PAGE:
This is a lesson constantly forgotten by both left and right amid the hurly-burly of American politics. Four years after denouncing the independent counsel's Starr-chamber tactics in pursuing Clinton, liberals were loudly clamoring for the appointment of a special prosecutor to investigate the purportedly punitive leak of Valerie Plame's status as a covert CIA operative. (Plame's husband, former ambassador Joseph Wilson, had angered the Bush administration by challenging its pre-Iraq War claims that Saddam Hussein had tried to obtain uranium yellowcake in Africa.) When the dust settled after prosecutor Patrick Fitzgerald's brass-knuckle investigation, the initial leaker was unexpectedly revealed to be former Deputy Secretary of State Richard Armitage (Colin Powell's ally as a work-through-the-U.N. dove on Iraq); the only conviction was for conduct after the Fitzgerald investigation began (Dick Cheney aide Scooter Libby was found guilty of perjury and obstruction of justice); and one reporter went to jail and another almost followed her because of Fitzgerald's contempt for the tradition that journalists should protect confidential sources. It is hard to make the case that Fitzgerald (a left-wing hero) came much closer to the mythical notion of impartial justice than Starr (a right-wing icon).
Gormley limits himself to the Starr vs. Clinton story — and his excessively fair-minded approach underscores the flaws of the Inspector Javert monomania of special prosecutors. The original Whitewater investigation revolved around the business antics of a beguiling and manic Arkansas political rogue named Jim McDougal who, as Gormley put it, "began coming [mentally] unglued just as Bill Clinton's career in politics began soaring." The Clintons' 1978 small-stake, no-money-down investment in McDougal's ill-fated Whitewater vacation development was a mistake that haunted them all the way to the White House. But for all of McDougal's bizarre record keeping and Hillary Clinton's unconvincing explanations of her occasional legal work for this small-town hustler (who also owned the bankrupt Madison National Bank), it is nearly unfathomable in retrospect that this unprofitable investment by the Clintons was treated by the press, the Republicans, and the special prosecutor as a major scandal. As Bill Clinton crony, Hillary law partner, former associate attorney general, and convicted felon (for bilking his law firm) Webster Hubbell said to Gormley about the Starr investigation: "I'd love to know what they were really after. It's never clear to me — what did they think the Clintons had done that they couldn't prove?"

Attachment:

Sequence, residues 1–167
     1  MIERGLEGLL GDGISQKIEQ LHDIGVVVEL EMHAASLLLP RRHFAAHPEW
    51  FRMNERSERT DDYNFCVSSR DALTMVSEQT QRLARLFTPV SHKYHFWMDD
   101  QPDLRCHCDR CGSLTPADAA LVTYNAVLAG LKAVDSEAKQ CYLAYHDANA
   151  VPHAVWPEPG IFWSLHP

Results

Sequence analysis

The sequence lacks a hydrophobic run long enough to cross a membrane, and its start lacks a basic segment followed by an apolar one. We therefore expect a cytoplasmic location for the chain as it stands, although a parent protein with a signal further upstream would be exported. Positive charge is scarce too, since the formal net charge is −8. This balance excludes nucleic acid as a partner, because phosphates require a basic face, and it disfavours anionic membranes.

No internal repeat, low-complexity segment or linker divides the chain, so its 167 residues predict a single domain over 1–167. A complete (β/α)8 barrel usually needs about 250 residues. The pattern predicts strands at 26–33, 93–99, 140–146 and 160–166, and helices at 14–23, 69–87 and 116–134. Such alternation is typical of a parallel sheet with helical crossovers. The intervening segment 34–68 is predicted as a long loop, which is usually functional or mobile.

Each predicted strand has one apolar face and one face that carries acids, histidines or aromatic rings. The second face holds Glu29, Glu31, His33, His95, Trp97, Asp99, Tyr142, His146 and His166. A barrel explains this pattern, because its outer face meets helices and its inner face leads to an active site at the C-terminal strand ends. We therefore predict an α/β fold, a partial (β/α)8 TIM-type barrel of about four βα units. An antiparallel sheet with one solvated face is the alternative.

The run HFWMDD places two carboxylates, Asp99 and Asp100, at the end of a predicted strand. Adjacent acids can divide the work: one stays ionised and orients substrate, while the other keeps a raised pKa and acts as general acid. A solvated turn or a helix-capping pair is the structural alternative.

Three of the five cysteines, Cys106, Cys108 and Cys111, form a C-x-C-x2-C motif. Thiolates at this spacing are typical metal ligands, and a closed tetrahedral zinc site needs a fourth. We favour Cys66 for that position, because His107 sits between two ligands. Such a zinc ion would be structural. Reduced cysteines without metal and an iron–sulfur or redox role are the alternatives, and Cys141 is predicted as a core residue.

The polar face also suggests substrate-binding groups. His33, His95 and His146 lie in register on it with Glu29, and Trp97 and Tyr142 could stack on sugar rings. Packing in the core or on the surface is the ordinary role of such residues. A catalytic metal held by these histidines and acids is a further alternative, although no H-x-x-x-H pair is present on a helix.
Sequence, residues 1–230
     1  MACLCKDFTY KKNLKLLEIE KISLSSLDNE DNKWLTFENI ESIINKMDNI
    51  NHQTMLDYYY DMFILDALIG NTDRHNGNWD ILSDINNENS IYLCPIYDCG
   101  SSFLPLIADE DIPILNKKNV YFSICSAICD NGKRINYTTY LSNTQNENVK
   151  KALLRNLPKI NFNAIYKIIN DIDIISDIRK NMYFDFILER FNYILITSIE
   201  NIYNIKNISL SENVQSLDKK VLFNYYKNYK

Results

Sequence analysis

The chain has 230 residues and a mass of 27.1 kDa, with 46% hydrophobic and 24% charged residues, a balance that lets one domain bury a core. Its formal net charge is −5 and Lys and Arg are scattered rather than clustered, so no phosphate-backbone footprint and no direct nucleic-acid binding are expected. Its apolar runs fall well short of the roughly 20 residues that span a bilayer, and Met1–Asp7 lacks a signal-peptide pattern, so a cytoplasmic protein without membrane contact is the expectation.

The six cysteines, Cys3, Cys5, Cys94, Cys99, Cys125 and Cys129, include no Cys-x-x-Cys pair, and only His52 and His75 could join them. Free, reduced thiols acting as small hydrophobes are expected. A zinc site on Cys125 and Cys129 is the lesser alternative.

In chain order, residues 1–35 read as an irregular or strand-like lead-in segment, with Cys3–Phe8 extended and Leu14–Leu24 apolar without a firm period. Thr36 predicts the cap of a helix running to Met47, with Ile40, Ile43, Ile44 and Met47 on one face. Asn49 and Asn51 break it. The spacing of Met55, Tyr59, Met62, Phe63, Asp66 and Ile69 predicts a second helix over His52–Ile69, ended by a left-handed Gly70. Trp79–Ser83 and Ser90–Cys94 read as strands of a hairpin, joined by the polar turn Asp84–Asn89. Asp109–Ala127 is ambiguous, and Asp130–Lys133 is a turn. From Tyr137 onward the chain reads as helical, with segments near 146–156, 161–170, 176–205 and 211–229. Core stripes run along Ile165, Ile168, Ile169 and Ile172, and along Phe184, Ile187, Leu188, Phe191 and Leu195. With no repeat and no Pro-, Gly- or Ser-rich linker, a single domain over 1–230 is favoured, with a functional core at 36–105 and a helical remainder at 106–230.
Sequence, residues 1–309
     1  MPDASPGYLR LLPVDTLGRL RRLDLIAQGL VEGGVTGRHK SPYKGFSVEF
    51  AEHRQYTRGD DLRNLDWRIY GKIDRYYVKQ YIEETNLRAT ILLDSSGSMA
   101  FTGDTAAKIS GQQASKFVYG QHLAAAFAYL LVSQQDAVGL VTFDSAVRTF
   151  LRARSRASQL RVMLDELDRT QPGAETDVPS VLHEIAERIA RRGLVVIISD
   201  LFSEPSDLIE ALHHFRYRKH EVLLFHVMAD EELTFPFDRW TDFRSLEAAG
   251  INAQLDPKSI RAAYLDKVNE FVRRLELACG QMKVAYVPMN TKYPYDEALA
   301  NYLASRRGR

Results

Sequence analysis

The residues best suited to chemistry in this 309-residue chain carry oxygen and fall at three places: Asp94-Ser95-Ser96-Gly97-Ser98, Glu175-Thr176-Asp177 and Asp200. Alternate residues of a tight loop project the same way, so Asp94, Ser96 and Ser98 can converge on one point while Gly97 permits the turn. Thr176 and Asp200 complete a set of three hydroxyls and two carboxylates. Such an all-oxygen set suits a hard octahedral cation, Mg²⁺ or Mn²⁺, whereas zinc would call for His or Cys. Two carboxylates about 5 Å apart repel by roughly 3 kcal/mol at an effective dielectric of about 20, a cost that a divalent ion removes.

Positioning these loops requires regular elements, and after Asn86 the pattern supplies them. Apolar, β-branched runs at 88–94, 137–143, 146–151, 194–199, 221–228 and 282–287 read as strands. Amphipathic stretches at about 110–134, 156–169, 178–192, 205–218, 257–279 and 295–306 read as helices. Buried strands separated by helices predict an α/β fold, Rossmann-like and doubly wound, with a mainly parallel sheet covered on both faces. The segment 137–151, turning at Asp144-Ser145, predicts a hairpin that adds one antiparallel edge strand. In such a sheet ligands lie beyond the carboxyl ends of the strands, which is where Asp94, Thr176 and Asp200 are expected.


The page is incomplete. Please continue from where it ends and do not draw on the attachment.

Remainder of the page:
But there remains a bigger mystery, one that Gormley fails to unravel despite his methodical interviews: "The precise impetus for Starr's switching gears in the Whitewater/Madison investigation, directly zeroing in on Bill Clinton's extramarital sexual liaisons, remains a puzzle within a puzzle." First, Starr became entangled with Paula Jones' Arkansas-based sexual harassment suit against the president, which was belatedly settled by Clinton in late 1998 for $850,000. One of Gormley's delightful little nuggets is the revelation that "evidence from confidential sources now establishes with near certainty that the alleged 'distinguishing characteristic' described by Paula Jones at the time of her encounter with then-Governor Clinton in 1991 did not exist, as an anatomical matter."
Even more problematic was Starr's justification for seizing on the tip from Linda Tripp (whose conduct has not aged well even in this non-judgmental re-telling) about Monica Lewinsky's involvement with Clinton. The key for Starr was, as he later told Gormley, the "connection between Vernon Jordan and Monica Lewinsky" in helping her find a job at Revlon in New York purportedly in exchange for her silence. There turned out to be only one problem: There is no evidence that this quid pro quo deal ever happened and Lewinsky has consistently denied it. As Gormley writes, "The concern about the Vernon Jordan connection, while valid on the surface, proved to be a colossal overstatement. OIC [Office of the Independent Counsel] had embraced the Jordan story (as told by Linda Tripp) with open arms — largely because they wanted to believe it."
Just days after Bill Clinton's latest heart scare, it is tempting to relegate his exploitive treatment of Monica Lewinsky, now in her mid-30s, to a bin marked "Ancient History." But it is also sad to read Lewinsky's final interview last year with Gormley as she admits, "I have contemplated moving to a remote country or changing my name." In a world filled with youthful misjudgments, she is unfairly fated (thank you, Mr. President) to always be equated with the punch line of a dirty joke.
As for Ken Starr, he is in the news this week after being named president of Baylor University. To his credit, he belatedly recognizes that he badly erred in seizing jurisdiction over the Lewinsky matter, telling Gormley, "It had to be investigated, but I was a poor choice to do it." Of course, that rueful acknowledgment and $3 might buy you a small Starbucks coffee on the Baylor campus.
Too bad that — thanks to Starr and Clinton — America had to squander much of the 1990s on over-hyped scandals, over-zealous prosecutions and an over-sexed president.